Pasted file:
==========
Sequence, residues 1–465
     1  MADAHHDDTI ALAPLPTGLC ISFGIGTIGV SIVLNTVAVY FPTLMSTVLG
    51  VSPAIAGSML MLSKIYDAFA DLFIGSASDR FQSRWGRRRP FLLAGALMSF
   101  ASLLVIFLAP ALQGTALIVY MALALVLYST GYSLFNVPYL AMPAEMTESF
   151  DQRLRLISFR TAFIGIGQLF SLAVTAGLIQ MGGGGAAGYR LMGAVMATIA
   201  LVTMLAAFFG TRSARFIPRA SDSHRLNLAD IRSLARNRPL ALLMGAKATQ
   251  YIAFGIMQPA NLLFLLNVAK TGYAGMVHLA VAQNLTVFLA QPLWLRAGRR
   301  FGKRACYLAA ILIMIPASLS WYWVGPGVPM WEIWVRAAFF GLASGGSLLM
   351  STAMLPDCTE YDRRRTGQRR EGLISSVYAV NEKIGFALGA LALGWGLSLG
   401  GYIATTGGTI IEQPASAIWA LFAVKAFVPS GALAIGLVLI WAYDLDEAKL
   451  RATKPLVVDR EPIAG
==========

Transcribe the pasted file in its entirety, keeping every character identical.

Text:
Sequence, residues 1–465
     1  MADAHHDDTI ALAPLPTGLC ISFGIGTIGV SIVLNTVAVY FPTLMSTVLG
    51  VSPAIAGSML MLSKIYDAFA DLFIGSASDR FQSRWGRRRP FLLAGALMSF
   101  ASLLVIFLAP ALQGTALIVY MALALVLYST GYSLFNVPYL AMPAEMTESF
   151  DQRLRLISFR TAFIGIGQLF SLAVTAGLIQ MGGGGAAGYR LMGAVMATIA
   201  LVTMLAAFFG TRSARFIPRA SDSHRLNLAD IRSLARNRPL ALLMGAKATQ
   251  YIAFGIMQPA NLLFLLNVAK TGYAGMVHLA VAQNLTVFLA QPLWLRAGRR
   301  FGKRACYLAA ILIMIPASLS WYWVGPGVPM WEIWVRAAFF GLASGGSLLM
   351  STAMLPDCTE YDRRRTGQRR EGLISSVYAV NEKIGFALGA LALGWGLSLG
   401  GYIATTGGTI IEQPASAIWA LFAVKAFVPS GALAIGLVLI WAYDLDEAKL
   451  RATKPLVVDR EPIAG